Review: Fantastic Four

FF logo adjStarring Miles Teller, Kate Mara, Jamie Bell, Michael B. Jordan, Toby Kebbell, Reg E. Cathey

Directed by Josh Trank

Fox, out now

The lives of four young scientists (and one garage mechanic) are changed forever when a teleportation experiment goes dreadfully wrong…

Having not been overly impressed by the first trailer (but more inspired by the second) and after seeing numerous pieces about the production – including Josh Trank’s infamous now-deleted tweet about how a year ago he had a great movie, but we’d never get to see it – my hopes really weren’t high going into this latest reboot of the FF’s adventures. Or rather, what feels like two completely different movies spliced together – the first a brooding look at the creation of a superhero team, and the different ways in which they cope with their new powers; the second catching up with them some years down the line when they’ve reconciled their differences, have honed their powers considerably and can deal with the menace of a former friend without any major (or lengthy) problems… And the trouble is, the splice comes halfway through the third act, when Doom has returned to cause havoc, and the events are supposed to be consecutive.

The behind the scenes difficulties will fade into insignificance over the years (does anyone really remember all the fighting that went on over Universal’s second Hulk movie, apart from Edward Norton and Louis Letterier?), but they have left us with a really schizophrenic movie, where characterisation is initially built, but then abandoned. We have a team who hardly talk to each other outside of work – there are hints at a Doom/Sue failed romance, and of Reed’s interest in her, but no more than that, while Reed’s great buddy Ben is hardly mentioned between dropping Reed off at the Baxter Building and the day of the experiment – and scenes where it seems as if the director has told the very capable actors simply not to bother (Reg E. Cathey’s scenes as Johnny and Susan’s father suffer worst from these). Doom’s powers make no sense: he seems to be able to do whatever he wants, from Scanners-esque brain destruction to telekinesis to… well, pretty much anything – but then he’s brought down incredibly simply. (And don’t get me started on why he’s destroying the Earth in that way – the “shuttle” teleported between the dimensions, but suddenly there’s a link…)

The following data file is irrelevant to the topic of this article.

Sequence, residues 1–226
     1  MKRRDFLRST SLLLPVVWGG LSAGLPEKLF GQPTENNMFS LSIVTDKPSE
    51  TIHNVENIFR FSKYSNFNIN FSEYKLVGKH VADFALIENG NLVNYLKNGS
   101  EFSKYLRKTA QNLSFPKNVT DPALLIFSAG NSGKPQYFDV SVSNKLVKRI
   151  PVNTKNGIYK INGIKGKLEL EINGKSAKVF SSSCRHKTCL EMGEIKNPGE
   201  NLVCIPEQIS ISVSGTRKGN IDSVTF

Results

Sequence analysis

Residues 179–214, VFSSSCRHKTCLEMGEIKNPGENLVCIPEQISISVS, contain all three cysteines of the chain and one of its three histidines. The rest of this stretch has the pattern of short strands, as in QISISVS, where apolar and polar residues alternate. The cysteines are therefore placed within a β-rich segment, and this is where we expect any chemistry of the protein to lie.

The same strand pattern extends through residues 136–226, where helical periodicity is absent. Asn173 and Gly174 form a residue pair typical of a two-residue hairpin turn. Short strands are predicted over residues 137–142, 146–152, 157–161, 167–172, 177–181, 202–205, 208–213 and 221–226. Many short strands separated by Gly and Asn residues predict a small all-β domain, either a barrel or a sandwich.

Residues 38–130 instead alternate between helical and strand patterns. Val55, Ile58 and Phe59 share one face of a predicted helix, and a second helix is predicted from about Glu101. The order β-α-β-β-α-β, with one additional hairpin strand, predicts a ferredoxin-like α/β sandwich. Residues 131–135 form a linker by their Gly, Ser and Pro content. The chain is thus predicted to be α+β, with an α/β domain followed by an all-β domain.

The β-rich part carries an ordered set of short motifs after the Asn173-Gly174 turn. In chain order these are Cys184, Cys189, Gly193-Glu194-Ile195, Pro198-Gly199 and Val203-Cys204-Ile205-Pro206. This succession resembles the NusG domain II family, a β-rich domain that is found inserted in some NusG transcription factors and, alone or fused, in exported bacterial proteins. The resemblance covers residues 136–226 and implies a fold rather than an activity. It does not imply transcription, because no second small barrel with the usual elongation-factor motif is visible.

The first hour or so of the movie, I really enjoyed, and there are some decent moments in it (the use of the sound effects for The Thing’s movements, for example) but then so much goes wrong that you also remember the less effective moments from the first part (CG that would have disgraced a TV movie from a decade ago, for example).

Maybe one day we’ll get to see Josh Trank’s version. Stranger things have happened. But for the moment, this joins the ranks of the lesser Marvel movies.

Verdict: A severely wasted opportunity that discards characterization for a meagre punch-up for its finale. 5/10

Paul Simpson

 

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